May 16, 2024
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May 16, 2024
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Linking Northern and Central NJ, Bronx, Manhattan, Westchester and CT

As people who live in the Tri-State area, we are confused by earthquakes. Our thing is blizzards. Though not recently.

So the recent earthquake left us with a lot of questions, ranging from, “What was that?” to “What if it comes back?”

Hence this FAQ, although not that frequent, baruch Hashem:

Wait, you’re writing about this now? This happened weeks ago!

Well, I was going to write about it before the earthquake happened, but The Link was doing eclipses that week. Also, if the Tri-State area got it a few weeks ago, Baltimore and Canada are probably going to get it around now. So if you have a relative in Baltimore or Canada, you can still let them know.

Additionally, I feel like we in the Northeast don’t know a lot about earthquake safety, so we should really review it from time to time. And by “from time to time,” I mean “Immediately after the previous one happens, but way before the next one happens.”

When did the last one happen?

According to records, the last time an earthquake this strong hit the area was in 1884. So you never know. Another 140 years can be over before you know it.

Where were you when the recent quake happened?

I was playing with an Etch-a-Sketch.


No. I was in the kitchen, doing stuff for Shabbos, and I felt vibrations. So I looked at my son, and he looked at me and said, “What’s happening?” and I said, “It feels like an earthquake, but first let’s check if there’s a heavy truck driving by.” So I looked outside, and by then the quake had stopped, though some workers about a block away were repaving the street, and I wondered if it could have been them.

So how did you find out it was an earthquake?

I looked it up, obviously. “Was that an earthquake?” which is what experts recommend as the first thing you do in an earthquake. And I couldn’t find any results. All I found was a question at the top of the search page that said, “There have been reports of a possible earthquake near Tewksbury. Did you feel it?” And there were 3 options to click: “Yes,” “No” and “Unsure.” So I clicked “Unsure” because I wasn’t going to start looking up where Tewksbury was, and whether it was even in New Jersey or four states over.

But then a few minutes later, my wife turned on the radio, and it was on this call-in talk show, and random people had called in to talk to the host about the earthquake. And not a single one of them had anything meaningful to say except, “I thought it was a truck driving by.” Then why did you call in? To say this? This taught me two things: #1, we need to do something about our trucks, and #2, none of these callers were from the city, because everyone there thought it was a subway.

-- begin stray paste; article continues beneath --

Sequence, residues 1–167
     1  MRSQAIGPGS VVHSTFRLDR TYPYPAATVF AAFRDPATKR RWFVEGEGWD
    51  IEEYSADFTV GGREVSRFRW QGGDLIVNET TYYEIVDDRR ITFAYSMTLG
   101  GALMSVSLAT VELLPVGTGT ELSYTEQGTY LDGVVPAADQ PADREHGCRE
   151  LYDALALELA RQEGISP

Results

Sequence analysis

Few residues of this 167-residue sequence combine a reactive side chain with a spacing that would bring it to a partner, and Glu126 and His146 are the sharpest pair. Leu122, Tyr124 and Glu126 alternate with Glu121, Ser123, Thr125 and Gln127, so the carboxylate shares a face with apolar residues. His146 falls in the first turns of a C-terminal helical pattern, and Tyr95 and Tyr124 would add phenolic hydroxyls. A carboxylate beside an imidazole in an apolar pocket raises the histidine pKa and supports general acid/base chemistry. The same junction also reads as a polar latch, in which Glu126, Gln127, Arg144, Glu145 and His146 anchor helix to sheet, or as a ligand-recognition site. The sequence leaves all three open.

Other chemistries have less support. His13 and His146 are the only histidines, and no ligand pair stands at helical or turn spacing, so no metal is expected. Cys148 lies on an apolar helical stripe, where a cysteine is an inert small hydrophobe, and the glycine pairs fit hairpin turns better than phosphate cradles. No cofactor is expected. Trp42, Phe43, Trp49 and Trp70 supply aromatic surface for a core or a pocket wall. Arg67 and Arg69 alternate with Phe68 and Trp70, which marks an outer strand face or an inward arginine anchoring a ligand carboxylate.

“Wait. Does the subway run under our house?”

What did they think it was when this happened in the old days?


In fact, the only people who weren’t immediately wondering, “Is that a truck driving by?” were the earthquake experts. They were thinking, “Yes, finally! There’s an earthquake up here! I thought I wasted my life.” It’s like they were working at the earthquake bureau, which is on the west coast somewhere, and they were not great at their job, and then they came to their boss and said, “Where should I be stationed?”

“New Jersey. Stay on high alert over there. You’re all we’ve got.”

But now he’s like, “It’s my time to shine!” And then we got an emergency alert two hours after the quake.

People are saying this earthquake was a 4.8. Such a high number and that’s all we felt? Don’t they only go up to 9?

Basically, earthquakes fall into six categories, and we got the third, which is the one where you think it’s a truck going by, which is just above the ones where someone asks, “Did you feel that earthquake?” and you say, “What earthquake?” but just below the ones where books start falling off the shelves, which will never happen in your house because your kids push the books as far back as they can, for fun. Though I imagine if you work in a seforim store, it’s a nightmare.

Where do the most earthquakes happen?

I’m no etymologist, but I would say earth. If you’re not on earth, you’re probably okay. Though there’s probably something else you have to worry about.

No, I mean where should I live if I want to avoid earthquakes?

It doesn’t matter. There’s nowhere you can live where no natural phenomenon can get to you if Hashem wants it to. That’s how life works. At best, you can pick which one it’s most likely to be. Unesaneh Tokef gives you options.

You don’t pick a location to live based on natural disasters. You pick a place like everyone else does, based on walking distance to shuls. And your ability to make conversation on the way home from those shuls.

“I thought it was my dryer acting up.”

Anyway, we’re going to stop here, because we’re almost out of space.

We are? But I still have more frequently asked questions!

That’s a frequently asked question?


Okay, then join us again next week as we look into how earthquakes happen and what to do in case of an earthquake.

What do we do if an earthquake happens before then?

Okay, here’s the procedure, in short:

  1. Stop moving in case it’s you.
  2. Wonder if there’s a truck going by.
  3. Look up, “Was that an earthquake?”
  4. Wait 20 minutes and look it up again.
  5. Wait 2 hours for an emergency alert from the government.

Post this in a good place to read it in case of an emergency, such as under your sturdy furniture.

Mordechai Schmutter is a freelance writer and a humor columnist for Hamodia and other magazines. He has also published eight books and does stand-up comedy. You can contact him at [email protected].

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